The boss of a US pharmaceutical giant was last night accused of trying to ‘blackmail’ Theresa May into buying a groundbreaking drug at an eye-watering annual cost of £100,000 per patient.
Thousands of people with the deadly lung condition cystic fibrosis (CF) have been pleading with NHS bosses to strike a deal with Vertex over Orkambi, a new treatment that could extend their lives by years.
The talks collapsed acrimoniously ten days ago, after which Vertex boss Dr Jeff Leiden wrote to the Prime Minister threatening to scale back the firm’s investment in the UK unless NHS England agreed to buy Orkambi on its terms.
Dr Jeff Leiden wrote to the Prime Minister threatening to scale back the firm’s UK investment
In an extraordinary outburst, Dr Leiden accused Britain of placing ‘a lower value on the life of a CF patient than other countries’ which have purchased Orkambi, and warned that British jobs relied on his benevolence.
The row comes amid growing anger among health chiefs about how the ‘profiteering’ of drugs companies is heaping pressure on the NHS budget.
The starting price for Orkambi negotiations is thought to be £104,000 per patient per year.
Tory MP Bob Stewart said: ‘Drug companies have every right to turn a profit to fund their vital research and development work, but it is completely immoral to overcharge for a life-saving drug. If the CEO is trying to blackmail the Prime Minister that is utterly disgraceful.’
In his letter to Mrs May, Dr Leiden, who received £11 million in salary and stock options last year, wrote: ‘Vertex is heavily committed to the UK with its international HQ in London, an R&D site near Oxford and runs many clinical trials in the NHS. Since 2006, Vertex has invested over £1.2 billion in the UK and now employs 250 people, of whom over 110 are scientists.’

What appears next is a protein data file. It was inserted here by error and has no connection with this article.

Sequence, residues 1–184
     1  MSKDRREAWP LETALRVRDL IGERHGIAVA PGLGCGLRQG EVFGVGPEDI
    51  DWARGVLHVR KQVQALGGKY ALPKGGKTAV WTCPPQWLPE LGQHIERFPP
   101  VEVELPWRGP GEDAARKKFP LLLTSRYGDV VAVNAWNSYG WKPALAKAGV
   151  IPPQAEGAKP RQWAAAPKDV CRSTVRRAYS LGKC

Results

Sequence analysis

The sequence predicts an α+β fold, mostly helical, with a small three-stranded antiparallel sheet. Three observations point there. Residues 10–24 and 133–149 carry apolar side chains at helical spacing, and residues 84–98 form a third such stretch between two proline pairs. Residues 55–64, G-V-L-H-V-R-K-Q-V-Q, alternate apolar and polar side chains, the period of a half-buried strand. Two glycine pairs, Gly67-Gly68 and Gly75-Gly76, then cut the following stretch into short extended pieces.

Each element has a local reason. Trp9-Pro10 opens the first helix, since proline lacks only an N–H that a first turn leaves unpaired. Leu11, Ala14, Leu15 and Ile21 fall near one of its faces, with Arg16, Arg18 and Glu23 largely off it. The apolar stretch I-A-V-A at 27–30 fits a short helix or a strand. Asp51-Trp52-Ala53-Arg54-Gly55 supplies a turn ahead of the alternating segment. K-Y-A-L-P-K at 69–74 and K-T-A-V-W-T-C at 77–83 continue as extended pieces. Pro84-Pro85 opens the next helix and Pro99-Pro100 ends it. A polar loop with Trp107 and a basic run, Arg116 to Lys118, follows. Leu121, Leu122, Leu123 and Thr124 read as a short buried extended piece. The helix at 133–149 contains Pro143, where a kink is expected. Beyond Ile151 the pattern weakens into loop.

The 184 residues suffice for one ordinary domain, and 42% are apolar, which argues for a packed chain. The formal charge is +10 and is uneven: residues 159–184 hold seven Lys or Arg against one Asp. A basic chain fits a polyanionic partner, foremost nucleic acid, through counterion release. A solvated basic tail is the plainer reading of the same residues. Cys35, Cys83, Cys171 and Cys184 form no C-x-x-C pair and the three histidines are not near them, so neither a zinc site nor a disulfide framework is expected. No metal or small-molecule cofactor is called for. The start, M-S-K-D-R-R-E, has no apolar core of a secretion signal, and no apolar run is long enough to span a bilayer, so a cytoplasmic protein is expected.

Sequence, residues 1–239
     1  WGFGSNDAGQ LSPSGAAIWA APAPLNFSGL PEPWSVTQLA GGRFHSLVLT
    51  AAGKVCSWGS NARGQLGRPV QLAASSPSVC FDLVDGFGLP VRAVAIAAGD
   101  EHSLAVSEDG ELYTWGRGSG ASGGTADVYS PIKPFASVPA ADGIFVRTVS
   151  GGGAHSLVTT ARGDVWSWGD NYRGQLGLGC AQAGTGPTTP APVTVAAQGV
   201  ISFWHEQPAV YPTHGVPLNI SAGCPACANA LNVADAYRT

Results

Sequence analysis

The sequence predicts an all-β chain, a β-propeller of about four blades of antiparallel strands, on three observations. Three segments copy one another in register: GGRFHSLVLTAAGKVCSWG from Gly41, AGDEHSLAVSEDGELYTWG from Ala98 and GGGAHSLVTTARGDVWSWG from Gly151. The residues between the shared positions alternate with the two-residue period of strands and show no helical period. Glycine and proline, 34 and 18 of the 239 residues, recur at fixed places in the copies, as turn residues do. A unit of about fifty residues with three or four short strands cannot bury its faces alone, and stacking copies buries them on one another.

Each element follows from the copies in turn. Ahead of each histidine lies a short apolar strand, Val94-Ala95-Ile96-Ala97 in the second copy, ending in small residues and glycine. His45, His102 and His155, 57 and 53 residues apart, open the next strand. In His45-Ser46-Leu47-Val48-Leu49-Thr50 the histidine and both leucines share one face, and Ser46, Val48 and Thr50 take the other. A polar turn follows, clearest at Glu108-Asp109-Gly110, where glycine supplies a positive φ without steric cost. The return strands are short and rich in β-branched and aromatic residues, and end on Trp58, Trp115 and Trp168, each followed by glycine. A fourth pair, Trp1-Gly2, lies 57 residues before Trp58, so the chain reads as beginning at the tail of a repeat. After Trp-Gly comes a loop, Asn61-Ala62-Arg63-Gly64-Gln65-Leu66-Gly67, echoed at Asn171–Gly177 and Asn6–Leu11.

But he added: ‘We are questioning this ecosystem as [the UK] is unable to value life-changing medicines for the patients that need them.’ Without major changes to how new drugs were assessed, he pointedly warned that ‘any future biotech investment in the UK is at significant risk’.
In 2014, Dr Leiden, who owns a string of waterfront homes in Massachusetts and Florida, faced a shareholder revolt over his ‘exorbitant’ pay package of almost £35 million. Orkambi is the only current therapy that slows the inevitable progression of CF. It could benefit up to half of the 10,500 Britons with the condition.
CF causes lungs to produce too much mucus, reducing their effectiveness. Around half of sufferers die before the age of 47, but Orkambi has been shown to boost lung function by 42 per cent.
Catherine Upstone, from Brackley, Northamptonshire, whose daughter Cerys, 14, is one of those who could benefit from Orkambi, said: ‘The two sides need to get back around the table.’
But NHS England boss Simon Stevens recently told MPs that Vertex must first drop its price.
‘Right now, the company is a very long way from acting responsibly,’ he said. ‘The implication of the kinds of prices that are being talked about would either be to deny patients those drugs or to rip off British taxpayers, and neither of those situations is acceptable.’
Vertex’s chief commercial officer Stuart Arbuckle said the firm had made NHS England ‘the best offer in the world, which provides all eligible patients immediate access to our current and future medicines. However, the NHS wants our existing medicines and those coming down the line in the next year for no extra money – this is essentially asking for our medicines for free.’
NHS England said: ‘If Vertex believe they are offering a reasonable deal, they should waive their confidentiality clause and let patients and taxpayers judge whether it is fair.’